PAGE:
I feel lucky that I had the opportunity to intern at The Tahrir Institute for ME Policy (TIMEP) last Summer while being enrolled in the MAIR program at the Maxwell School. My off-campus experience working with TIMEP in Washington, D.C. was so fulfilling and it gave me the opportunity to broaden my work experience and work closely with a leading think tank on analyzing the MENA region policies and monitoring its improvements. It related to my activism background in Egypt during and after the January 25, 2011 revolution, which shifted my interest from my previous career involving economic journalism and media to becoming a practitioner in the Conflict Resolution and Peacebuilding field. My experience with TIMEP offered me a smooth transition experience.
At TIMEP, I worked as a member of a five-person team to research, analyze, and draft published reports for a project assessing prospects for transitional justice in Egypt. I also contributed to research direction and conducted data collection for a project documenting Egypt’s economic indicators. In addition, I managed a portfolio of research on rights and freedoms in Egypt, including delivering daily oral and written briefings to staff, identifying areas needing further research, and proposing initiatives to cover important topics.
I was honored to receive the Cramer award from the Maxwell School that helped me to afford my off-campus experience last Fall. It gave me the opportunity to support myself with all the requirements that guaranteed an efficient networking process with people that work in the Conflict Resolution field, attend relevant conferences, and get the opportunity of visiting and observing organizations that work in the field.
The Geneva Summer Practicum was one of the reasons I chose to attend the Maxwell School, and I am so glad that I did. The practicum gave me the opportunity to intern at the UN World Food Programme (WFP) for the summer, a dream come true that led to consultancy in the same office. When I was planning my degree, I organized my studies differently from most students, saving the practicum and internship for the end of my time with the Maxwell School so that I could use the internship as a launch pad for my career. After graduating, my internship was extended for an additional five months, allowing me to gain more experience within the UN while I looked for work. In December, an External Partnerships Officer position became available and was offered to me. My studies at Maxwell and the Geneva Summer Practicum both prepared me for and directly opened the doors for me to be offered this position.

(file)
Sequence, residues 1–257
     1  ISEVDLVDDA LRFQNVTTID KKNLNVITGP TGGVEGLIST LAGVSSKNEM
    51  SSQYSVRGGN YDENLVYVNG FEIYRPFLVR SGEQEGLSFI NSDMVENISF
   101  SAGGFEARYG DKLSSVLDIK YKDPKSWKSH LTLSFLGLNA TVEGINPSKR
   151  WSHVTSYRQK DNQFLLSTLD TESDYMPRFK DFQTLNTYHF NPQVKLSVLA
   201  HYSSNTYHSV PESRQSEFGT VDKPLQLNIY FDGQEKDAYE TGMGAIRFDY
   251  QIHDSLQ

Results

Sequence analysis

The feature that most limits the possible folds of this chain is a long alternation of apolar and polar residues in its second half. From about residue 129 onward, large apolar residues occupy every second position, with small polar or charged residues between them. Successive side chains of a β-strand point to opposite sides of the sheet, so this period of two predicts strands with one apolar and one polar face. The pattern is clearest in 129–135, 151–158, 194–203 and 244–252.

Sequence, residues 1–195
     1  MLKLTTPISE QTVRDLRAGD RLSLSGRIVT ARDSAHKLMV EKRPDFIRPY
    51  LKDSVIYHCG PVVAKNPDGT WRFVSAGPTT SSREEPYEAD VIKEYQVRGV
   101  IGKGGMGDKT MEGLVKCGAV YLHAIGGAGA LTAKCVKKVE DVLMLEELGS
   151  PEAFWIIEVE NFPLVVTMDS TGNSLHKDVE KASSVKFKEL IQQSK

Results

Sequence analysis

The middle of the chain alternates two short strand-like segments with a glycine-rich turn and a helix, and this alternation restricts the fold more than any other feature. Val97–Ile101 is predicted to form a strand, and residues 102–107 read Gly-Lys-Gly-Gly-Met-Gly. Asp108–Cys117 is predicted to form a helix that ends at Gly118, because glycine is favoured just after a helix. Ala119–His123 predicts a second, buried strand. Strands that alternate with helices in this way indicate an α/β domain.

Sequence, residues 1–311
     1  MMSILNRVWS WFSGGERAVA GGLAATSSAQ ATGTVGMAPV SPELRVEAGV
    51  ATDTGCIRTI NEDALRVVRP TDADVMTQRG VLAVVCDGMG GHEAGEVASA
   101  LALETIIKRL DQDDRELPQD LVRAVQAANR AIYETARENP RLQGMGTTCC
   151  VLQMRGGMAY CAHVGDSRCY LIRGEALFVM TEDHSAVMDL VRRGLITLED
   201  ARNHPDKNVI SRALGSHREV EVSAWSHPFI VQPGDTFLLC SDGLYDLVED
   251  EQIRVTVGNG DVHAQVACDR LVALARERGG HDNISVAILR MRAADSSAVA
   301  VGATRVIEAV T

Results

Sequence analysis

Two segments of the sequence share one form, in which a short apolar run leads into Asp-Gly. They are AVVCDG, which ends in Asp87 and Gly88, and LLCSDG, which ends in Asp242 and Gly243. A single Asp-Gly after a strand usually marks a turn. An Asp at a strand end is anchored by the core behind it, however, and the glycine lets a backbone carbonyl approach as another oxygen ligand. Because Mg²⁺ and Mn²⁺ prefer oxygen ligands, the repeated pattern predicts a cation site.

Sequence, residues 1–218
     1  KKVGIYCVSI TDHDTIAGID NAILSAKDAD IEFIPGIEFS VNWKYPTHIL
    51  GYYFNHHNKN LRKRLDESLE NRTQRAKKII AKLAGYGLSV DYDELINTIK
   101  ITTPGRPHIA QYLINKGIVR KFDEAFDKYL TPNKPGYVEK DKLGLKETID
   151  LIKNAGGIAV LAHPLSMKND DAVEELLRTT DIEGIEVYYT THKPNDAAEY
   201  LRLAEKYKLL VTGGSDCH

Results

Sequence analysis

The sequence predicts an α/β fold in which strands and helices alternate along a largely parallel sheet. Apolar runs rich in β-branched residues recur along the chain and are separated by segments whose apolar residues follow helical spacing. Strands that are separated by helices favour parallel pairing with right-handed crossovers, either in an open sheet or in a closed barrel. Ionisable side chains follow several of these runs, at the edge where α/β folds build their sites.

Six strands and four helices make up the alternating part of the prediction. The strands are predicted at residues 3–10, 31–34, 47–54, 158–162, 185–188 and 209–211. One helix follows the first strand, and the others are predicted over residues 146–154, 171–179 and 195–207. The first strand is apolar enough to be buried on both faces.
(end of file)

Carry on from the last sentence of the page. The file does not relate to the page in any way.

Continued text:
In addition to the internship, the practicum included a class on international organizations and several trips throughout Switzerland. The class connected me with senior leaders in international organizations in Geneva and helped prepare me for my chosen career, while the trips helped me connect with my roots, exploring and learning about the country where my ancestors lived.
Some of the highlights of this experience have been attending the ECOSOC Humanitarian Affairs Segment at the UN Headquarters in Geneva with my colleagues from the World Food Programme, taking in the mountain views of Lake Lucerne, and exploring the Lavaux vineyards, a breathtaking UNESCO world heritage site. The most important highlight of course, has been getting hired at the World Food Programme and beginning the career I’d dreamed of at the United Nations.
This has been an unforgettable experience and one that continues to change my life. It was the perfect end to my time with the Maxwell School, and I look forward to the next steps as I begin a career of international service, well prepared to carry out the Athenian Oath to “transmit this City (and, I would add, this World) not only, not less, but greater and more beautiful than it was transmitted to us.”
During the summer of 2017 I had the opportunity to intern in Washington DC at MD-5, also known as the National Security Technology Accelerator. MD-5 is an emerging Department of Defense program which attempts to promote Civil-Military industry innovation, and seeks ways to spur innovation across the department. The program focuses on three broad fields: Education, Collaboration and Acceleration. It is situated at the National Defense University, which enables it to tackle all three fields effectively. The goal of the program is to maintain and promote the role of the United States as a global leader in defense; the initiators believe that this can be achieved by building bridges between the technology and security sectors.
As an international student, I found the internship a unique and challenging experience. The main obstacle was familiarizing myself with jargon from different spheres, such as technology and military, a task that proved to be difficult. Moreover, it had to be done effectively and swiftly in order to contribute to the diverse set of tasks handed out on a daily basis. Luckily, my boss and mentor, Mr. Justin Dunnincliff, is a Maxwell alumnus, who assisted me in every aspect and helped integrate me into the team since day one. This enabled me to learn quickly and, I hope, to contribute to a wide range of tasks and ventures. It was an interesting experience for me, because I got a close look at the Defense departments’ efforts to achieve a set of its vast organizational goals. The ability to implement methods and ideas from my own country and past experience was very rewarding; altogether this was a huge lesson I will take with me.